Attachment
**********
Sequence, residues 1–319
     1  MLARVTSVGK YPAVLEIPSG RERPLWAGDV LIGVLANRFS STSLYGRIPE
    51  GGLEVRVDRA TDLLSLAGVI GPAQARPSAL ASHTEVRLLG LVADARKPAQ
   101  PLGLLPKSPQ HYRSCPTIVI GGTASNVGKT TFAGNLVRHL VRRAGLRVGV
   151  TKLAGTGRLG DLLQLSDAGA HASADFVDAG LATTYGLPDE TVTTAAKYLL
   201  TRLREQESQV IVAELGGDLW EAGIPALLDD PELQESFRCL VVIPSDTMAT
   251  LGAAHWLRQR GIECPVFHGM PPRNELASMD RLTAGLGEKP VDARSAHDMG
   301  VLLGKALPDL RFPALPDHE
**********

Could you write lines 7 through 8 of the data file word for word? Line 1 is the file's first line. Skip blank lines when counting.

   251  LGAAHWLRQR GIECPVFHGM PPRNELASMD RLTAGLGEKP VDARSAHDMG
   301  VLLGKALPDL RFPALPDHE